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Defending the Weak Will of the People

Summary:
The "will of the people," as it is commonly understood, does not exist. There is simply too much difference between people--and too much danger in overlooking that difference--to justify a belief that the actions of a legislature could reflect such a will. However, the constitutional principles that underlie a society do reflect the governing intent of the people at large, at least to a limited extent. As such, these constitutional principles represent a weak form of the will of the people that is actionable. Judges can uphold this interpretation of the will of the people not by deferring to legislators, but by upholding the constitution.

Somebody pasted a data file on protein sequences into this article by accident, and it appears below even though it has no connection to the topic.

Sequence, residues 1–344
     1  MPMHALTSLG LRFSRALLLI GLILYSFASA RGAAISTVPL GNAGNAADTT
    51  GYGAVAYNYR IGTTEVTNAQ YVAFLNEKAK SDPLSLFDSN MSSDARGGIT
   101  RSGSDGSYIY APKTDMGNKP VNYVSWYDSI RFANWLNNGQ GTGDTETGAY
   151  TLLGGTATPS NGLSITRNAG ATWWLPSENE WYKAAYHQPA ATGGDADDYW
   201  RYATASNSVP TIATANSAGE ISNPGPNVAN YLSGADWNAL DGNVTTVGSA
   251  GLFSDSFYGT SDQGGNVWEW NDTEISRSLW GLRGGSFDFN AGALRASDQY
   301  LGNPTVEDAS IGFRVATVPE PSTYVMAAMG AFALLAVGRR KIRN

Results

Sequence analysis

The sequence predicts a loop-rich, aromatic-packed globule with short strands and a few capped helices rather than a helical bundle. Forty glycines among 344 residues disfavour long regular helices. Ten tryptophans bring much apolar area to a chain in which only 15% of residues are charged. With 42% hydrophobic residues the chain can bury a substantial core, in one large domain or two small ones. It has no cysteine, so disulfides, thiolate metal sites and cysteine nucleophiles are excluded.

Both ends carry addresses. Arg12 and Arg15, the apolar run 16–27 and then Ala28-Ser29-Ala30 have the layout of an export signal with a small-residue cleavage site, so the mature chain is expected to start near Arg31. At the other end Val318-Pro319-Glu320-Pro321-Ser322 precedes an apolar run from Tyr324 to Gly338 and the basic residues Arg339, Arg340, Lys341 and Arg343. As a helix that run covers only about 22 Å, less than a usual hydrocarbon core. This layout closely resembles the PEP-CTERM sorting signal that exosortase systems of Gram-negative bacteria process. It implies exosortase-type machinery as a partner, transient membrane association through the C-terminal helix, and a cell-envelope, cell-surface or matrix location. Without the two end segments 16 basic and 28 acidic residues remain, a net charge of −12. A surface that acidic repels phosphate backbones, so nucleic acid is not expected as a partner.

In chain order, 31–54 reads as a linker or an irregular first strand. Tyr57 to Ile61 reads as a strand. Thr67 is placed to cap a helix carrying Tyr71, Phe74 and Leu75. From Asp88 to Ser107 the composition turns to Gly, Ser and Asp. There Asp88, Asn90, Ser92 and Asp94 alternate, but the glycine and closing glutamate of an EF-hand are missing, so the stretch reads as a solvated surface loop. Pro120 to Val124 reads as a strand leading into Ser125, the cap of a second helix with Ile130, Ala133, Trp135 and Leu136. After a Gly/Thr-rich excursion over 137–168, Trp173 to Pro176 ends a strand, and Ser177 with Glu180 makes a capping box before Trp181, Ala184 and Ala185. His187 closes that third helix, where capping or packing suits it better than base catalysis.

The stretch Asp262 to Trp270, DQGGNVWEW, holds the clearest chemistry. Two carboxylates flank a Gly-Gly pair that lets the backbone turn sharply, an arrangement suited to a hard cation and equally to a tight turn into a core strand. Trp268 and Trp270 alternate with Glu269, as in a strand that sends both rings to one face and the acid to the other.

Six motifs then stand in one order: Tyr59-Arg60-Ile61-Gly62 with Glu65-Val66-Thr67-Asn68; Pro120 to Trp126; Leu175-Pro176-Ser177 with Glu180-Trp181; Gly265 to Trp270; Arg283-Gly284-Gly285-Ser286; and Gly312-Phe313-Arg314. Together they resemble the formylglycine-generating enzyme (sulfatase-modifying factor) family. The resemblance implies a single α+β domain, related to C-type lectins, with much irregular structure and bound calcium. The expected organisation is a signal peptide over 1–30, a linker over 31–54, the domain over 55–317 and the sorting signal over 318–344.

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The "will of the people," as it is commonly understood, does not exist. There is simply too much difference between people--and too much danger in overlooking that difference--to justify a belief that the actions of a legislature could reflect such a will. However, the constitutional principles that underlie a society do reflect the governing intent of the people at large, at least to a limited extent. As such, these constitutional principles represent a weak form of the will of the people that is actionable. Judges can uphold this interpretation of the will of the people not by deferring to legislators, but by upholding the constitution.

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